Now on page five of this thread, I think it time to reiterate my thinking and purpose for starting this thread. I find the mirror lenses very interesting, fun, and rewarding in their special way. The mirror lenses are to be thought of as a different class of lens, and they are. I would not suggest any of these short mirrors (or any length) can compete favorably with a good refractor lens. I think it is clear to almost everyone here that we are discussing and evaluating mirrors in relation to each other and not in relation to refractors. It is a given that a good refractor is a superior optic. With this understanding, hopefully, we can avoid any irrelevant discussion.

If I can make a comparison, I might offer one from another of my hobbies, classic cars. I have a big Healey and also a Bugeye/Frogeye Sprite. The big Healey easily outperforms the Sprite but the little Bugeye is a real kick to drive. That is how I look at the mirror lenses - a real kick to use and a challenge. But this is not to say there aren't advantages; there certainly are. Size and weight are the more obvious but image quality is another. That doesn't mean quality in the usual sense but indicates a unique artistic rendering that some find pleasing. I find pleasing.

Having done a great deal of reading over the past year, I am becoming more and more convinced that the mirror lenses are widely misunderstood and underappreciated. There seem to be endless comments about virtually every brand, condemning them as junk or candidates for door stops. I believe bad technique has a great deal to do with the comments as well as a lack of understanding as to the individual lens' strong and weak points. I now have several mirror lenses and know how I can use each to maximum benefit.


I agree with the concept that mirror lenses deserve consideration for what they can offer, and not necessarily as a direct competitor with refractors.
I would like to see more thought (and images) into "creative bokeh". That's where they could shine perhaps.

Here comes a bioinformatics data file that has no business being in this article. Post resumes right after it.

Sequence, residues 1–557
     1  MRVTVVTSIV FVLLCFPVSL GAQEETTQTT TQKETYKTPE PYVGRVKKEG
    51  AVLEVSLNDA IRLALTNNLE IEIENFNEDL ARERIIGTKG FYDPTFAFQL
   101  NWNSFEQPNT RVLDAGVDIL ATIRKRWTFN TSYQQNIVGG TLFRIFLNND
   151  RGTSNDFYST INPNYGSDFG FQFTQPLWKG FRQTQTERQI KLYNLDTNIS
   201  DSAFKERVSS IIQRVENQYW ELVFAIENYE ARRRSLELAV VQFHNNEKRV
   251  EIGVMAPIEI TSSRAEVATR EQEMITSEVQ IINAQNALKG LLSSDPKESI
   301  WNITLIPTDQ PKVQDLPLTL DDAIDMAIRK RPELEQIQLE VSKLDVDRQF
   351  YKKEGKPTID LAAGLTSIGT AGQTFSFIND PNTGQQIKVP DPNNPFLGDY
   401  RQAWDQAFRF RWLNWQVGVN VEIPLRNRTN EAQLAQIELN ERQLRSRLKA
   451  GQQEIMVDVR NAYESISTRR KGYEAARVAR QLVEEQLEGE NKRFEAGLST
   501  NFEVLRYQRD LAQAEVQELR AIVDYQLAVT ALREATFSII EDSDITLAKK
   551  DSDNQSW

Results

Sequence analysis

Unfortunately for me this thread is all about 300mm mirrors, of which I have only one (the Rubinar), and its for sale anyway.
I don't plan to buy any other 300mm mirror at this time. (Except maybe the latest Tokina or Samyang, when I can afford). For a shorter focal length mirror I'm thinking more of adding a focal reducer to one of my 500mm mirrors to give 350mm f/5.6 (effective).
Cheers,


PostPosted: Thu Dec 07, 2017 10:37 am    Post subject: Reply with quote

3dpan wrote:

I agree with the concept that mirror lenses deserve consideration for what they can offer, and not necessarily as a direct competitor with refractors.
I would like to see more thought (and images) into "creative bokeh". That's where they could shine perhaps.
Unfortunately for me this thread is all about 300mm mirrors, of which I have only one (the Rubinar), and its for sale anyway.
I don't plan to buy any other 300mm mirror at this time. (Except maybe the latest Tokina or Samyang, when I can afford). For a shorter focal length mirror I'm thinking more of adding a focal reducer to one of my 500mm mirrors to give 350mm f/5.6 (effective).
Cheers,

I often use a focal reducer on my mirror lenses (a 500mm/5.6 & a 600mm/Cool because the crop I get with MFT makes them somewhat excessive. A FOV equivalent to 700mm or 900mm Full frame is quite a handful but can be managed handheld especially with the extra stop of light. Neither are practical to hand hold without the reducer & can be a struggle with a monopod if your not well braced Smile
Here's a couple of quick examples of the 600 on a focal reducer (both handheld, and including NIR as they where using my full spectrum camera):
Handheld mirror test by Mike Kanssen, on Flickr
FS test - Reflex + focal reducer by Mike Kanssen, on Flickr


PostPosted: Thu Dec 07, 2017 8:00 pm    Post subject: Reply with quote

3dpan wrote:

I would like to see more thought (and images) into "creative bokeh". That's where they could shine perhaps.


True. As everyone knows, the donuts can be bad at times and interesting in some cases but mostly should be avoided. I have avoided or lessened the donuts when possible by choosing an angle that provided a dark or highlight absent background. In some cases, the bokeh can be very pleasing. One example here...



PostPosted: Thu Dec 07, 2017 9:18 pm    Post subject: Reply with quote

woodrim wrote:
This past weekend while visiting Charleston's historic Magnolia Cemetery, I took out the mirror when I saw some birds, then decided to use it for other subjects. It turned out that the Ohnar shots were my favorite from the shoot.


I love the background on this one. Very impressionistic! With mirror lenses, you get a lot of Monet for a small bit of your money...Rolling Eyes

Cheers!

Abbazz